Field calibration of the Pro Display XDR will be possible using a spectroradiometer and Apple is currently working with Colorimetry Research and Photo Research to develop calibration solutions. Probes are expected to be available from other vendors as well.
Final Thoughts on Apple Pro Display and Blackmagic Teranex Mini SDI to DisplayPort
The question is then: can serious colorists, those working in high dollar per hour color suites replace their current reference with a Thunderbolt 3 connected (or Teranex adapted for SDI legacy systems) Pro Display XDR?
The answer from both Apple and Blackmagic Design is yes. And for Apple’s part, they aren’t just talking about replacing good enough (which is already pretty great) and competitively priced monitors. Apple is challenging the likes of the Flanders XM311K, the Sony BVM-HX310, the Canon DP-V2421, and others of their ilk, the least of which start slightly north of $30,000 and go significantly higher from there.
In that context the Pro Display XDR, with or without the Teranex Mini SDI to DisplayPort 8K HDR, makes sense. In today’s landscape, and for about the same price as the Apple monitor, including the stand, you can buy an Eizo CG319X, a 4K DCI, SDR monitor with about 350 nits of brightness and a 1500:1 contrast ratio. It has its own in-built calibration hardware but its performance is nowhere near that of the Pro Display XDR. The next step up in the Eizo range, the 31”, 4K DCI resolution, HDR capable PROMINENCE CG3145, carries an MSRP of nearly $31,000.
The soon to be released Atomos Neon Series looks promising with the 31” model being touted as a suitable Dolby Vision grading monitor. It has somewhat lower specs, and the price is higher than the Pro Display XDR at $7,999. It does have on-board 4K or 8K recording to a number of pro formats including ProRes RAW, as well as other impressive production capabilities. As a production monitor it may be an excellent choice.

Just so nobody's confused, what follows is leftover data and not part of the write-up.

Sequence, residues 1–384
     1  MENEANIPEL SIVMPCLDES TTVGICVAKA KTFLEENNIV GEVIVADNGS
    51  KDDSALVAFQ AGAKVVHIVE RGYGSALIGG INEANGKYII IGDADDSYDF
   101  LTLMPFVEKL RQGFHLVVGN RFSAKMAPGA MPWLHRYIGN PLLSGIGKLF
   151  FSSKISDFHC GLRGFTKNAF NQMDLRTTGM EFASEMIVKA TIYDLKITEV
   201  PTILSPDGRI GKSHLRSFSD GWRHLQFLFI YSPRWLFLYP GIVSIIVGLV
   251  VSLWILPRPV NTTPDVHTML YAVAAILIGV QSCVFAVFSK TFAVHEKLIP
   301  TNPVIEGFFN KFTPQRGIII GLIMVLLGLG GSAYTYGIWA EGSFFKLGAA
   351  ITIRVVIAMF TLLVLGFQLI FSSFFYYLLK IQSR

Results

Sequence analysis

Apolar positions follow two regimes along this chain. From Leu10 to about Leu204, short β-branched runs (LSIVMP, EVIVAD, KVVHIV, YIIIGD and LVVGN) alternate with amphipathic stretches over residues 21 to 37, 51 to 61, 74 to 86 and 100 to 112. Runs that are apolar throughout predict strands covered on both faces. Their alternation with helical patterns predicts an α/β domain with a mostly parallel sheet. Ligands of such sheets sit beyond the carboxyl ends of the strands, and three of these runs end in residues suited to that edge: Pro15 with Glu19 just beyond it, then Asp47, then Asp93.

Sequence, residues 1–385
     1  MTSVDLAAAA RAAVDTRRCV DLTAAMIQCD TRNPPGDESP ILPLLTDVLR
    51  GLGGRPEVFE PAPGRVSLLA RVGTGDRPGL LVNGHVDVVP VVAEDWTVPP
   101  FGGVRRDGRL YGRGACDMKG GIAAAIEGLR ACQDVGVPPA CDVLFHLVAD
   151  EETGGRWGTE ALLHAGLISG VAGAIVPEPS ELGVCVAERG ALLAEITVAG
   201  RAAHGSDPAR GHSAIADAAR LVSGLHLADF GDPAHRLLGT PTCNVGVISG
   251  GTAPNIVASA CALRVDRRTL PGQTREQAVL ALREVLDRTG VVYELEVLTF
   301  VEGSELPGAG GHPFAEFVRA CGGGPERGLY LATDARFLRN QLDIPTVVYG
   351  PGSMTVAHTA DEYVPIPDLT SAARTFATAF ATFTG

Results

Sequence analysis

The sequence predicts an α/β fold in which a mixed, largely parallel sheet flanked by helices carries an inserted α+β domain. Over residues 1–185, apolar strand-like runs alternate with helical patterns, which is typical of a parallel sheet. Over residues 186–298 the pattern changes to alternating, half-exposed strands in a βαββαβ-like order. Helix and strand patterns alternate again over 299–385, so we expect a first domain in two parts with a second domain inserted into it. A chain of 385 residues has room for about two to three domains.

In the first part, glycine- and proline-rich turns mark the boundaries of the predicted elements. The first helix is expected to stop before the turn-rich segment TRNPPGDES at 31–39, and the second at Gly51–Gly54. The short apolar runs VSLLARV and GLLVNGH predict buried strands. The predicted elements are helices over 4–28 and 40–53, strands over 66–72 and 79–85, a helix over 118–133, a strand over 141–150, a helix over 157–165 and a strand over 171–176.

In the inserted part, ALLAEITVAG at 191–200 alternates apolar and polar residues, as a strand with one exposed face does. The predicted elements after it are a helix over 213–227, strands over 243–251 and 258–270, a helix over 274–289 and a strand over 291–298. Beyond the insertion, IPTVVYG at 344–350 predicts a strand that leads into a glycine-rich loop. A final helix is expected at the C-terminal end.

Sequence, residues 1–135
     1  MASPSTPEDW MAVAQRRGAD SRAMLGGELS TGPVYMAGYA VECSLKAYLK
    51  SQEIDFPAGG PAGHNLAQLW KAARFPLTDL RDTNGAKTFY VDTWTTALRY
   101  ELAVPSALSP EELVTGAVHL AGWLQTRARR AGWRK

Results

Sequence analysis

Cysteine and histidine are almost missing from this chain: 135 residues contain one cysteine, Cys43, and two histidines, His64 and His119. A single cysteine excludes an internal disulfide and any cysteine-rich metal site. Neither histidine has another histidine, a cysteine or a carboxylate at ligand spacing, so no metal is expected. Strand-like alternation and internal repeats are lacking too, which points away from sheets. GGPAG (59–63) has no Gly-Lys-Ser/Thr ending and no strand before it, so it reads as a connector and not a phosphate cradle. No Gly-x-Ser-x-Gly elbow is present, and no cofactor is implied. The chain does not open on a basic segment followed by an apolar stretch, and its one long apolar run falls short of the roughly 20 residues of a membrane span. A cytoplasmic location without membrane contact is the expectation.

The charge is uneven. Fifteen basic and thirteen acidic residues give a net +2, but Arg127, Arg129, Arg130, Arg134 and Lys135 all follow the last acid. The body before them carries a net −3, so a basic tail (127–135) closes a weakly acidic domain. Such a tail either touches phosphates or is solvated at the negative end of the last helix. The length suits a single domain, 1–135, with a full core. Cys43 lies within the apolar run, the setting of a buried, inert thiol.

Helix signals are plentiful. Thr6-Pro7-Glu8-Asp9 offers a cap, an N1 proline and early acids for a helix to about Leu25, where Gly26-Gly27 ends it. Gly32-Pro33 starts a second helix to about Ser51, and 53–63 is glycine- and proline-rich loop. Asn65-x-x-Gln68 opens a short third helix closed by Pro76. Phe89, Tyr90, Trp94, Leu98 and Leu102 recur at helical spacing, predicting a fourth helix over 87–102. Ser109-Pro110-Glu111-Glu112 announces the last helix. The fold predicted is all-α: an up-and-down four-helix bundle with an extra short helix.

With 6K, 218 pixel per inch resolution, 500 nit SDR brightness and 1000 nit sustained HDR brightness, 1,000,000:1 contrast ratio, and unparalleled color accuracy, Apple’s Pro Display XDR stands alone in the increasingly competitive reference monitor field. Add Blackmagic Design’s Mini SDI to DisplayPort 8K HDR and it becomes suitable for just about any production or post-production environment I can imagine.
Adam Goldfine Bio
After graduating from New York University’s Tisch School of the Arts, Adam landed his first professional film job working as a production assistant on Crocodile Dundee. As his skills and talent grew he began working as a lighting director, camera operator, and director of photography. His first feature film, Black Lights, White Shadows, gained international acclaim and attention and launched a career that includes 18 feature films, 15 feature length television projects and dozens of music videos, commercials, short films, and documentaries. He later ventured into the world of visual effects working for Academy Award Winner William Mesa, long considered one of the most innovative visual effects directors in the industry. He currently runs DNA Cinema Services, a boutique production company based in Phoenix, AZ.
Notable clients include CBS Studio Center, Panavision Hollywood, Polygram Filmed Entertainment, Wyle Electronics, HBO Films, Rysher Entertainment, MTV, CBS Television, NBC Television, PBS, Film Four – London, Warner Brothers Records, Atlantic Records, Sony/Columbia Records, Lucas Film, Paramount Pictures, EUE Screen Gems, Nintendo, Exxon, Estee Lauder and Drexel Burnham Lambert. He has worked with well known industry figures George Lucas, Tom Hanks, Paul Newman, Dennis Hopper, Kevin Pollak, Anthony LaPaglia, Paul Simon, Jillian Murray, and many others.